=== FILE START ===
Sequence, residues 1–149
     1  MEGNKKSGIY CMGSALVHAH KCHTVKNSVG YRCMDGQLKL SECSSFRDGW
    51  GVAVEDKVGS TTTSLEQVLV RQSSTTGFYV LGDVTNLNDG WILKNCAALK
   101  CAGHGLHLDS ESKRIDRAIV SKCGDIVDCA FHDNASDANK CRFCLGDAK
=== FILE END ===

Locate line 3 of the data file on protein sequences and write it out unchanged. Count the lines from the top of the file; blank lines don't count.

    51  GVAVEDKVGS TTTSLEQVLV RQSSTTGFYV LGDVTNLNDG WILKNCAALK